Nancy Brook, RN, MSN, NP, a nurse practitioner at Stanford Healthcare in Palo Alto, California, knows this well. As a very busy medical professional at one of the most reputable hospitals in the United States, she says the two greatest challenges of being a parent and medical professional are time and energy.
It’s not uncommon, she says, for her to be late for family dinner or events because a procedure ran over, a patient was late to their appointment, or a complication arose. “My kids have been the last ones left at daycare more than once,” she says. This leaves her feeling tremendously guilty, though she has found ways to make sure work doesn’t always interfere with her family time. When she can do remote work, like filling prescriptions or making phone calls, she stays at home. “I try to work my schedule around special events like games or recitals,” she says. She feels lucky that she’s been able to attend most of her children’s events. “I’m grateful to say that I missed very few important school functions and was present at all of my children’s special events.”
4. Life-work balance can be challenging
We’ve discussed before the increasing percentage of burnout within the medical community. Anywhere from 44% to 78% of medical professionals, the majority being female, experience burnout due to a variety of factors including long work hours and inadequate pay. Extreme stress often begins in medical school, and physician suicide is consistent fear in the medical field. Stresses from work can often trickle over into the household.
According to the American Medical Association, partners of doctors experiencing burnout notice increase isolation, irritability, less communication, less time spent together, and lack of emotions. While this is specific to spouses, it certainly can be applicable to the children of a doctor experiencing burnout. Thankfully, the issue of physician burnout and how it affects families is a topic that has been researched and discussed at length. The American Medical Association even offers a variety of helpful resources on how to plan, grow and manage your family during residency and beyond.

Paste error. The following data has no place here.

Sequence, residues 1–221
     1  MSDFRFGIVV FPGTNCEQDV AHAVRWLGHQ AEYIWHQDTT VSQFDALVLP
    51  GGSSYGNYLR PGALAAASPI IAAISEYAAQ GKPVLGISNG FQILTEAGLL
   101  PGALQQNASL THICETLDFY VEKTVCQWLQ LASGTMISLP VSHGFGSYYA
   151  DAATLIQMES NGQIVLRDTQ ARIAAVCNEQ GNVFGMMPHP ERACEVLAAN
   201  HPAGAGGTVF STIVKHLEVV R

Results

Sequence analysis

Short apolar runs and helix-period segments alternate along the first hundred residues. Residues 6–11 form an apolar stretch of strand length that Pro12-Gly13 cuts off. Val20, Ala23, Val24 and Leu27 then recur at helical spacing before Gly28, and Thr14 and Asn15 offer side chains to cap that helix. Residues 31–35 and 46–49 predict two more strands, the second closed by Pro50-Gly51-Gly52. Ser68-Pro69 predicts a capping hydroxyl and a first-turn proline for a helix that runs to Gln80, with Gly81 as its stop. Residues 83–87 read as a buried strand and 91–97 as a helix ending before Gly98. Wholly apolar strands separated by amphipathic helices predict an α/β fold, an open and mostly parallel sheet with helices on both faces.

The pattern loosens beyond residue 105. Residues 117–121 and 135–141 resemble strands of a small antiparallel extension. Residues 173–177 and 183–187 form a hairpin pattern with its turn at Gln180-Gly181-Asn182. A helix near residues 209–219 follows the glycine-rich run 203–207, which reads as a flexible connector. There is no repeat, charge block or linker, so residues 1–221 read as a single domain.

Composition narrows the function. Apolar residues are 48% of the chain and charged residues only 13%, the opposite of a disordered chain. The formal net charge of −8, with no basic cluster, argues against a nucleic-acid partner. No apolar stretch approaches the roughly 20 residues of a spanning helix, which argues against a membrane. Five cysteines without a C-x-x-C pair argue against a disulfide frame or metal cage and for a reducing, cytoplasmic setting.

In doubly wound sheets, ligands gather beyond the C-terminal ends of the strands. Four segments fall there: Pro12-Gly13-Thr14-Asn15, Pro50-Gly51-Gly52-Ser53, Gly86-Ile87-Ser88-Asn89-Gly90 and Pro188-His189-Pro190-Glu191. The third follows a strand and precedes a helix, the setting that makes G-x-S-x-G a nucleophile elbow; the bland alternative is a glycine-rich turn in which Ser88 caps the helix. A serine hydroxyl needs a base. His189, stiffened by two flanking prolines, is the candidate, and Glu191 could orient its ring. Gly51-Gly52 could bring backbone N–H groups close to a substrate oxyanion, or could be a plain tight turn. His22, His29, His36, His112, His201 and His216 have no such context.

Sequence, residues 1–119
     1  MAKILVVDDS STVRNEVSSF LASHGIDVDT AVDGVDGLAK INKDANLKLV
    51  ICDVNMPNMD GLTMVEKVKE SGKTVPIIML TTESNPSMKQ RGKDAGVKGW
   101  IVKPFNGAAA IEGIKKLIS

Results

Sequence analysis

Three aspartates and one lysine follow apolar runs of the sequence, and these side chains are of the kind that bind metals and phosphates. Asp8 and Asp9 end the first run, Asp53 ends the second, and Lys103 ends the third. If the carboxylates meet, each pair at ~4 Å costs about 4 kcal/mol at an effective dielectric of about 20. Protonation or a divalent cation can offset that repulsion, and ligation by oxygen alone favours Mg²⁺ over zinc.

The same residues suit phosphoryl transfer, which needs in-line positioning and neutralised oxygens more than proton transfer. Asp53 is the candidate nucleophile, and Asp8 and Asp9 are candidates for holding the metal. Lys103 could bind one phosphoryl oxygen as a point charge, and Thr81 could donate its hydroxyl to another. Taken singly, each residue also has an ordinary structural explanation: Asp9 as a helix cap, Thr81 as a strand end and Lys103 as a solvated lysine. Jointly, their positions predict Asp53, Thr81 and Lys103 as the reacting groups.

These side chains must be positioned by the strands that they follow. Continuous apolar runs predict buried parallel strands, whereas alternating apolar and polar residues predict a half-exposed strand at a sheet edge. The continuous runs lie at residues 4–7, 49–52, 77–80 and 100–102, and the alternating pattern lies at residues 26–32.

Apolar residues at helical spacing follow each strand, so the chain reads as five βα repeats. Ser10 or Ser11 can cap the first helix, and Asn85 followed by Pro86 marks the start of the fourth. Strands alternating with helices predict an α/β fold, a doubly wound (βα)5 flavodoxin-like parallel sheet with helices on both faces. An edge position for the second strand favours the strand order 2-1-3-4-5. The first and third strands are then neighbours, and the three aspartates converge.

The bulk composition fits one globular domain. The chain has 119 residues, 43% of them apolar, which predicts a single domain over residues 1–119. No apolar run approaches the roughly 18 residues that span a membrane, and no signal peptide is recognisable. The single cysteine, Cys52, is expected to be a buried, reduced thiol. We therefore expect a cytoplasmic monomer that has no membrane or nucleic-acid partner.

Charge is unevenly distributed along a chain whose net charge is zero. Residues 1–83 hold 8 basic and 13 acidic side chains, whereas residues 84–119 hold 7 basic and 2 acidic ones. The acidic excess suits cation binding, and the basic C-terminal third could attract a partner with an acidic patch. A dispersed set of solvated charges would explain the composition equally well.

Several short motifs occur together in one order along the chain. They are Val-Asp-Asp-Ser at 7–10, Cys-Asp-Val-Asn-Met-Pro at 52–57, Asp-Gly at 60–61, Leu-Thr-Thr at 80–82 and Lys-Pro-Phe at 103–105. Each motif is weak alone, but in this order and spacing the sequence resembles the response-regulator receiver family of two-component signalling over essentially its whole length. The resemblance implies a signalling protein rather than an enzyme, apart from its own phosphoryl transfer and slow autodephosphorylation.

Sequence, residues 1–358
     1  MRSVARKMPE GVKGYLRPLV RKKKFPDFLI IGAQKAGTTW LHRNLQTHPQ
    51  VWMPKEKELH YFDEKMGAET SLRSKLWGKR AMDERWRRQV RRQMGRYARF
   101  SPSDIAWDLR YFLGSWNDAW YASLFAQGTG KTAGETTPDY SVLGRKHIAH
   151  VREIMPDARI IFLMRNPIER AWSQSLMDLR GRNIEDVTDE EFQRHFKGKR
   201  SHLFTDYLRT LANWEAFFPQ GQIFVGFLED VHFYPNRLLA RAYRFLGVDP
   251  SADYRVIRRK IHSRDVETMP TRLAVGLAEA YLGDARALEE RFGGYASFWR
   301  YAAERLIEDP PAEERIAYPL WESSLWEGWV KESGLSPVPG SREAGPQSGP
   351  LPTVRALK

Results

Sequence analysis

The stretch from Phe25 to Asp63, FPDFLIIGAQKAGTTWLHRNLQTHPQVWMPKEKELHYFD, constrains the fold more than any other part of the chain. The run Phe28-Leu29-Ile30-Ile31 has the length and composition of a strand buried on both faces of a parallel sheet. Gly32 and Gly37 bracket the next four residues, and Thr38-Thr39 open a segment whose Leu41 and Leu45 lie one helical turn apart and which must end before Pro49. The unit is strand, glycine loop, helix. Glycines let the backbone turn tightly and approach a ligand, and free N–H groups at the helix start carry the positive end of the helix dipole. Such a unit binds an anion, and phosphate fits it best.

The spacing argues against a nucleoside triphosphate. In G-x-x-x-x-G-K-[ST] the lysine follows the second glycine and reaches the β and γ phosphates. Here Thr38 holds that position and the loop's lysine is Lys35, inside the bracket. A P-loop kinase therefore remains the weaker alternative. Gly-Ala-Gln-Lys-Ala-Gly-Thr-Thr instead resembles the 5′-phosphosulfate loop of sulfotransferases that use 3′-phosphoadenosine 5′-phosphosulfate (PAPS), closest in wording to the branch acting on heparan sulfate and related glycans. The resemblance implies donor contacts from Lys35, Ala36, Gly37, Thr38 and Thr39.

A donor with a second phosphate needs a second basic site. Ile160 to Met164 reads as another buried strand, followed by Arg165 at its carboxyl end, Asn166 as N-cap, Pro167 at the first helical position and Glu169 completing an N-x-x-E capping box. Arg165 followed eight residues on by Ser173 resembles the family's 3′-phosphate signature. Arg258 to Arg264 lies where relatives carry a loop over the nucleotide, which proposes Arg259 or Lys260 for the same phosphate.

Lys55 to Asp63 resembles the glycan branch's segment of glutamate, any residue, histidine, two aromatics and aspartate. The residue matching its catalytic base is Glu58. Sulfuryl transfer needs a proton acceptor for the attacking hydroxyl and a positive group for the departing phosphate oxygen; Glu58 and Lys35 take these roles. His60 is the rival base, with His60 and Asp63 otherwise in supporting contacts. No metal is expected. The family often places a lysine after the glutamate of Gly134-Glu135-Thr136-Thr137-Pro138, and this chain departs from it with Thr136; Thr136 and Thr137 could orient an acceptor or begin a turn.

Dr. Katerina Gallus, co-founder of and plastic surgeon at Restore Plastic Surgery in San Diego, CA, manages her work-life balance by setting small goals and setting realistic expectations. “I try to manage my schedule so that I can take my kids to school because I know I am not there for the pickup after school,” she says. She makes sure that her calendar reflects both her work life and family, reminding her that “they are of equal importance.” “Understanding that [work-life balance] is a dynamic process—your responsibilities and control of your schedule change over your career and your children’s needs do as well—that is the best framework to ensure you continue to re-assess the balance.”
5. You’re not alone
If you’re a doctor AND parent and are finding both gigs challenging, you are not alone. It can be extraordinarily stressful juggling both roles. Don’t be afraid to reach out to other doctor parents you work with or know through your community and ask about their experiences. Do they have any tips?
Also, don’t be too hard on yourself. You are not superhuman, even though others might think you are. Try to surround yourself with a helpful and loving network so in case you miss a music recital or soccer game someone is there to cheer on your child. Also, try to have honest conversations with your family about the realities of your job. Remember: You are doing the best you can to care for your patients AND children.